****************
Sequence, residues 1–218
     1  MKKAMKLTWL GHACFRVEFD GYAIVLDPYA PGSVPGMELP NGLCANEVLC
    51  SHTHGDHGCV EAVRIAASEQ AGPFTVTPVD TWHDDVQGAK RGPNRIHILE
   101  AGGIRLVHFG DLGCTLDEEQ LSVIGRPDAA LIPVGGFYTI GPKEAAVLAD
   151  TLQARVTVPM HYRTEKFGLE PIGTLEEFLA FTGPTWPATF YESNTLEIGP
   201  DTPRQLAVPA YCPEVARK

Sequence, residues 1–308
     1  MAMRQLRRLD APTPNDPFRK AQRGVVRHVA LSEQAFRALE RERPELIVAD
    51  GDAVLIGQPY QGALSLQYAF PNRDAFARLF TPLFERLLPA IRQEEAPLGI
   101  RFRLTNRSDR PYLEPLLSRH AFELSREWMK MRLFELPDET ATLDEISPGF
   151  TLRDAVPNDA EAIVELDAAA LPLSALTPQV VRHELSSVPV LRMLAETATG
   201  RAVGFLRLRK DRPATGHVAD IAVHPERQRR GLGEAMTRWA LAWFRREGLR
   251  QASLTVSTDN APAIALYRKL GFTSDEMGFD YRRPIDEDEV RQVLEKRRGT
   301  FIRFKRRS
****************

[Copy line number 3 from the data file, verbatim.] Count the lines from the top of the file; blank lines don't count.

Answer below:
    51  SHTHGDHGCV EAVRIAASEQ AGPFTVTPVD TWHDDVQGAK RGPNRIHILE